He added that he will not miss the opportunity, because he does not feel like he will “leave any unfinished business” in FOX’s MLB booth.

Buck further praised his FOX colleagues and said it was time for a change. He knows Joe Davis will thrive in the opportunity.

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Sports TV News

NFL Likely To Launch NFL+ Streaming Service This Summer

“A source tells Fischer that a $5 per month price has been discussed for NFL+.”



According to the Sports Business Journal, consumers could be downloading NFL+ by July. Now, just what NFL+ will be is still yet to be finalized.

Ben Fischer of Sports Business Journal reported in the site’s newsletter that live games will certainly be at the center of the league-owned streaming service. It is likely to only be available on phones and tablets with no option to stream to a larger monitor.

The viewing options would be limited. No out of market games would be available on the app. It is meant to replace the deals that recently expired with Yahoo and mobile phone carriers that recently expired.

The app could also include other content. Radio calls, team-created digital content, and league-owned podcasts are all options.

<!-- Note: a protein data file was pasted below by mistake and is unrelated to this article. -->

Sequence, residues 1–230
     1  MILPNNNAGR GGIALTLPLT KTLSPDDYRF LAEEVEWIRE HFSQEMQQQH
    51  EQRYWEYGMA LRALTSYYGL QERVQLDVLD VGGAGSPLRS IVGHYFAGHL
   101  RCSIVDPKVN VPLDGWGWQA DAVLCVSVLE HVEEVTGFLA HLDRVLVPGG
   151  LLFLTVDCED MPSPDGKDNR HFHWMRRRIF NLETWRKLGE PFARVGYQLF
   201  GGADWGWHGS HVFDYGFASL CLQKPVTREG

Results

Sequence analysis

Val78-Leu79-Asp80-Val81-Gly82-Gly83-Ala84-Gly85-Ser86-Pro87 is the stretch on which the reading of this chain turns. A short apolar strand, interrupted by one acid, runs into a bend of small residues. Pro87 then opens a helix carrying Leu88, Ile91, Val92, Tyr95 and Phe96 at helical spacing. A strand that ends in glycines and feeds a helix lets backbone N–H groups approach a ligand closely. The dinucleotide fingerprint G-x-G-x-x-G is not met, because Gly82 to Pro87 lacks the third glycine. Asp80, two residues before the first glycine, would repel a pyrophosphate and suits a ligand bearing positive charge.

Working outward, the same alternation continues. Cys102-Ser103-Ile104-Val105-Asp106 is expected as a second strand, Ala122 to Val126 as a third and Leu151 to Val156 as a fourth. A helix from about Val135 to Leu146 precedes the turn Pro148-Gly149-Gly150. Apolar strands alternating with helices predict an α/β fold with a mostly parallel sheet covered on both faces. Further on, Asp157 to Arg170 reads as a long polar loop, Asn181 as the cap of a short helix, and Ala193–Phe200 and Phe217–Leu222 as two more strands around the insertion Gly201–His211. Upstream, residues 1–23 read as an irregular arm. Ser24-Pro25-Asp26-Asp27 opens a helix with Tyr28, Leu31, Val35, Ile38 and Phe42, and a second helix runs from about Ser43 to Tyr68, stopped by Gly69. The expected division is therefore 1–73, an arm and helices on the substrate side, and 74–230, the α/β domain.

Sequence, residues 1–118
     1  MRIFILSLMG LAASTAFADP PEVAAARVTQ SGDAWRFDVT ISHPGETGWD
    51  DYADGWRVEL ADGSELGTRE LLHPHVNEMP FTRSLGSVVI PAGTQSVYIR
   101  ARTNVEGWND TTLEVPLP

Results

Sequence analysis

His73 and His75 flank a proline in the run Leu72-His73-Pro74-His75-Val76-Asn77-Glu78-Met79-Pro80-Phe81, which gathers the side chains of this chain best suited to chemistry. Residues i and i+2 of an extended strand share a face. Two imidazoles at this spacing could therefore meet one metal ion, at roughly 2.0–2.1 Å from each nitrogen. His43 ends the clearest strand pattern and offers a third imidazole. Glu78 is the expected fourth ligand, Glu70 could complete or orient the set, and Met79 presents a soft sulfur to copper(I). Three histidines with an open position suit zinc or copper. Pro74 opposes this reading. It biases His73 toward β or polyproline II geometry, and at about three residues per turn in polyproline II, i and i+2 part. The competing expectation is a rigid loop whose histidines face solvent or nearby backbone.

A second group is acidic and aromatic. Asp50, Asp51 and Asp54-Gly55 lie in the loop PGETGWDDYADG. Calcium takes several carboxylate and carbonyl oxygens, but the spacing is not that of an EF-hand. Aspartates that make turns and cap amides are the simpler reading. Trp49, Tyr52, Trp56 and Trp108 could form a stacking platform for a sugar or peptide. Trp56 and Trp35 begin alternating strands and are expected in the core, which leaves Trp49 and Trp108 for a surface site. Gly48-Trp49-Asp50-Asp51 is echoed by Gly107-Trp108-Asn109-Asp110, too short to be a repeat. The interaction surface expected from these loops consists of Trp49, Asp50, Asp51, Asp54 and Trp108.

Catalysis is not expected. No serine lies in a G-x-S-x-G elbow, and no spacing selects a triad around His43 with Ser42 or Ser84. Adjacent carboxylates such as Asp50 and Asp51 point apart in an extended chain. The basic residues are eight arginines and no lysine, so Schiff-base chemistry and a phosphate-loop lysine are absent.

NFL+ would make NFL Media more valuable. The league is trying to sell an equity stake in its linear TV and digital media properties. Amazon and Apple are considered the most likely to make a deal. 

A source tells Fischer that a $5 per month price has been discussed for NFL+. The pricing structure can and likely will change before the app hits the market.

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Sports TV News

Stephen A. Smith To Charles Barkley: ‘I Worry Because You’re Big’

“You’ve always been big. But now you’re bigger.”



ESPN host Stephen A. Smith is concerned about his friend Charles Barkley.

Barkley, while in Dallas with TNT for Games 3 and 4 of the Western Conference Finals between the Mavericks and Golden State Warriors, Barkley hopped on a horse. The clip Stephen A. used in his ESPN+ show Stephen A’s World showed Barkley needing assistance by handlers to get off the horse.

Stephen A. was astounded.

“Ain’t no way Charles Barkley needs that much help getting off the horse,” Smith said. “But he did – he did!”

Smith then used the closing seconds to express his concern about Barkley’s size.

“I worry about you cause you’re a big boy,” he said. “You’ve always been big. But now you’re bigger.”

Barkley hasn’t had any publicized major health incidents stemming from his weight, but still Stephen A. was hopeful his friend might take some time and initiative to work on cutting a few pounds.

“Let’s address that, because I need you around,” Smith said. “I love you bro.”